Milwaukee police are warning the public that fake utility and work crews are out this month looking to put the “con” into “construction.”
The Milwaukee Police Department have tied the same group of impostors to at least three burglary cases, each of which occurred last week. The most recent took place around 10:10 a.m. Thursday in the 6900 block of Milwaukee’s West Tesch Avenue.
According to the department, the suspects — clad in high-visibility gear — were out that day posing as construction workers and knocking on doors until they found an empty home. Were it not for a neighbor’s timely intervention, the house probably would have been broken into.
Detectives believe the same suspects are responsible for a burglary in the 2800 block of South 68th Street and an attempted burglary in the 2700 block of South 46th Street. Both incidents took place on May 15.
According to the police, the suspects had been seen wearing neon safety vests and driving a gray pickup truck. Timothy Gauerke, a sergeant at the Milwaukee Police Department, said Tuesday that the search is still on for other suspects.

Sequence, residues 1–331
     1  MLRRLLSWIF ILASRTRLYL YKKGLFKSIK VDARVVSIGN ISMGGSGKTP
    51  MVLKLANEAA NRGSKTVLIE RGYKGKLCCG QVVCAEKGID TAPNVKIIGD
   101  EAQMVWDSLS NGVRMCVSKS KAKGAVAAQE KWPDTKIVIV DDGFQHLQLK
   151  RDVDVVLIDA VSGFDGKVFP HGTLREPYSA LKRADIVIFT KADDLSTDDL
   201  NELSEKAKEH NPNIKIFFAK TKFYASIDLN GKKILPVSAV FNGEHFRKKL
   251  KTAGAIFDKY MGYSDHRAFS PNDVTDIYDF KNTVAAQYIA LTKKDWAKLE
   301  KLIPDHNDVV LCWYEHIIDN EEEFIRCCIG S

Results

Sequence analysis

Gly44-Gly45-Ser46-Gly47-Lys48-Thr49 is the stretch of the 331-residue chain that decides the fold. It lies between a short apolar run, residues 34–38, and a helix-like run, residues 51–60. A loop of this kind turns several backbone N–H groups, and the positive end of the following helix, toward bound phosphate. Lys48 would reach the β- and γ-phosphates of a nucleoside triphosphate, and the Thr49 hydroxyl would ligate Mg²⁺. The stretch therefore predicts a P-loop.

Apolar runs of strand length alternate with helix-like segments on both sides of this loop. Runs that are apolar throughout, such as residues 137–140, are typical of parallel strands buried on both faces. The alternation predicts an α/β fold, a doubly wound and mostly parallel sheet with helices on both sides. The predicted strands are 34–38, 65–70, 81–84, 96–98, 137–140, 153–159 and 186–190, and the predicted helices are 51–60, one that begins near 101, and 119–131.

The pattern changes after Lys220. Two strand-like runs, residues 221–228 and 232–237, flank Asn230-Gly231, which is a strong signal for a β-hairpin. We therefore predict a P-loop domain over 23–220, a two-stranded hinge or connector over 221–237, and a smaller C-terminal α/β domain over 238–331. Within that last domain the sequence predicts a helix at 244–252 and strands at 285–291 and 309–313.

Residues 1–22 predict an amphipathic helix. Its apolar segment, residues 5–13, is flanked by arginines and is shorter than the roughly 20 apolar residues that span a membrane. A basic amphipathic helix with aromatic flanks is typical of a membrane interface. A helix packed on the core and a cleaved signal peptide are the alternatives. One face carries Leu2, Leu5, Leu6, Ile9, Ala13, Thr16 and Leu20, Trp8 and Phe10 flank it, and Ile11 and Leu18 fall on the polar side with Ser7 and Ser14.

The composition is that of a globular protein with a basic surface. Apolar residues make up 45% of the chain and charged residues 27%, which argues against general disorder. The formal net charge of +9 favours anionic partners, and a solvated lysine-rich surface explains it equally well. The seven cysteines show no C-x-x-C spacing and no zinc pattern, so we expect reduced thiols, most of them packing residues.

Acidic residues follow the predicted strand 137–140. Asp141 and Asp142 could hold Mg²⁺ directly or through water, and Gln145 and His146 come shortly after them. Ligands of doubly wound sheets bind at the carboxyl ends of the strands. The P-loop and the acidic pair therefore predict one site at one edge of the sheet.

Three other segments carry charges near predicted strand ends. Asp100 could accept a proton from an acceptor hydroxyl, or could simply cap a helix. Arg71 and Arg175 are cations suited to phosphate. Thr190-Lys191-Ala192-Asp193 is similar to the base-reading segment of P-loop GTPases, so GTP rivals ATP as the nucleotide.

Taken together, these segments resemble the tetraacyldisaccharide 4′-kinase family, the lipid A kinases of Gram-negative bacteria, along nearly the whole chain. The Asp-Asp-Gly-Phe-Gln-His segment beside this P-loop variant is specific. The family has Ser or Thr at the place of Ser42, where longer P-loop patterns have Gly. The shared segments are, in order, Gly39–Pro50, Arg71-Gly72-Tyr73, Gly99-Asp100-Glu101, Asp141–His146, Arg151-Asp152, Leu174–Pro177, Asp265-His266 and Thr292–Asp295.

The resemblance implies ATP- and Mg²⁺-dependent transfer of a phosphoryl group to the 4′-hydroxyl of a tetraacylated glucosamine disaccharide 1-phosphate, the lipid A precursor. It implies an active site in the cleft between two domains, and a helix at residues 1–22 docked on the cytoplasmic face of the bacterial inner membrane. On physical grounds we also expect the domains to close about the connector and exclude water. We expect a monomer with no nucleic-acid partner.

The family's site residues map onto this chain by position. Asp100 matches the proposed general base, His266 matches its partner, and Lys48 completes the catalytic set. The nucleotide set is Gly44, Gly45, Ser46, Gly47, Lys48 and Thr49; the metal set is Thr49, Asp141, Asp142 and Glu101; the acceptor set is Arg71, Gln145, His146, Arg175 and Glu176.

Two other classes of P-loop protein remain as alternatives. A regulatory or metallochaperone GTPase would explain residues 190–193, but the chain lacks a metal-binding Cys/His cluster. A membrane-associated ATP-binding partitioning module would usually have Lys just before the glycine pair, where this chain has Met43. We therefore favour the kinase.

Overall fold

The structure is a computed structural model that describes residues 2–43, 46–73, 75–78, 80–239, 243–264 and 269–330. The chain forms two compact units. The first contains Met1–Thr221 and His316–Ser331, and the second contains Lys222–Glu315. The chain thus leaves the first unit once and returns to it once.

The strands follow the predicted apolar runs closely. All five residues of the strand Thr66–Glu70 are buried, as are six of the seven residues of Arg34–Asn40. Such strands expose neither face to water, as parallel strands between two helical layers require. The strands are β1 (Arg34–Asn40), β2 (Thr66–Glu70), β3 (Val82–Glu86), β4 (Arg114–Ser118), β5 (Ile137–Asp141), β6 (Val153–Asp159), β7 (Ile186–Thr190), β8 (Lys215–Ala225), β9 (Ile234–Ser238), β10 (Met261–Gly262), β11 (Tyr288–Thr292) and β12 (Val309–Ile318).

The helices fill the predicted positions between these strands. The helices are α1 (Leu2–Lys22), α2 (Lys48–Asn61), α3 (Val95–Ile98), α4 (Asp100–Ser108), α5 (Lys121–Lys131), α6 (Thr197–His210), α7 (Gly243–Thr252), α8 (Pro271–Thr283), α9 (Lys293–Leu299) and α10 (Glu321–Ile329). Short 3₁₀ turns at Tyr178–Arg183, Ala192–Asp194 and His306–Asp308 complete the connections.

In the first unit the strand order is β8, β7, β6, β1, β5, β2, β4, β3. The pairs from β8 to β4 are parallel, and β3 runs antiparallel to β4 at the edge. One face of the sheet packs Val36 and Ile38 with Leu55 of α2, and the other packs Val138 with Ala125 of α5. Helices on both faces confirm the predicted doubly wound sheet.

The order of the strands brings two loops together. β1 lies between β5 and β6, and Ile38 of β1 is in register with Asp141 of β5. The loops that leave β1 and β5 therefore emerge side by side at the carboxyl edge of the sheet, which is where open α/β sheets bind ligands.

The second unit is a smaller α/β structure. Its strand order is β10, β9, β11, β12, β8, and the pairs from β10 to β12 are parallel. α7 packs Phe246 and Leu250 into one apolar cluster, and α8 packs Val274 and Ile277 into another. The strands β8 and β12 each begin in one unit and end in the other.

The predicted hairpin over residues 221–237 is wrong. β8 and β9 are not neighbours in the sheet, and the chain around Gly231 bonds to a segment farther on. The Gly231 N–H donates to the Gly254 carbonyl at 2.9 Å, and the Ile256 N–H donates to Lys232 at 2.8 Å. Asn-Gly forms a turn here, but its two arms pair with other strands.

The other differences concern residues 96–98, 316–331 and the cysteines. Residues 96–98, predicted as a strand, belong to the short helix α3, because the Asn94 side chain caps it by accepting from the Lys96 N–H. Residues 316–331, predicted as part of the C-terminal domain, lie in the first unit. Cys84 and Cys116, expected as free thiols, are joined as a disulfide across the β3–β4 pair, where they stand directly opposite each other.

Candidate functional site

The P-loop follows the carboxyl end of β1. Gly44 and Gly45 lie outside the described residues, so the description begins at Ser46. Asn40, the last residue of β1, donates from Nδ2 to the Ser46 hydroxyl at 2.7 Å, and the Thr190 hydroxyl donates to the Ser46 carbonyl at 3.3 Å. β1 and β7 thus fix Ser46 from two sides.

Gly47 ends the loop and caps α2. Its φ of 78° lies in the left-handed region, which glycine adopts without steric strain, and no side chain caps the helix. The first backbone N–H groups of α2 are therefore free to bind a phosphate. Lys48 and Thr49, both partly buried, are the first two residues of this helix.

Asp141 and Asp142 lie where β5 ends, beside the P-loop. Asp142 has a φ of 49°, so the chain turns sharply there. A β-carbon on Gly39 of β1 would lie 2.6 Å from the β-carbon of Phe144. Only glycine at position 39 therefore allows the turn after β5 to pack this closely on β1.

Although burglaries of this sort are certainly a cause for concern, they are not common, said both Gauerke and Kathy Schulze, a spokesperson for We Energies.
Schulze said that the utility company more often hears complaints about phone scams.
Still, if a customer suspects that someone working on or near their property may not actually be an employee of the utility company, it’s best to make sure, she added.
Schulze said that although direct employees of We Energies will often be working out a marked vehicle, the outside contractors the utility company hires from time to time most likely will not. So the best way to ensure the people at your doorstep or in your yard are who they say they are is to simply ask for more information.
“If somebody is working for our company (or a contractor), they are not going to be offended about questions of their validity,” Schulze said.
Schulze said We Energies is now contending with a sharp increase in scams run over the phone and other sorts of fraudulent activity. on Monday, the company received more than 30 reports of phone scams, she said.
Lisa Schiller, director of investigations and media relations for the Better Business Bureau of Wisconsin, said her office tends to receive reports of utility scams once or twice a year. These sorts of scams are most common in summer or winter, when people are more likely to want to run their heat or air conditioning.
The Better Business Bureau recommends residents never let anyone into their home to check electrical wiring, natural-gas pipes or appliances unless an appointment had been scheduled or a repair was previously requested.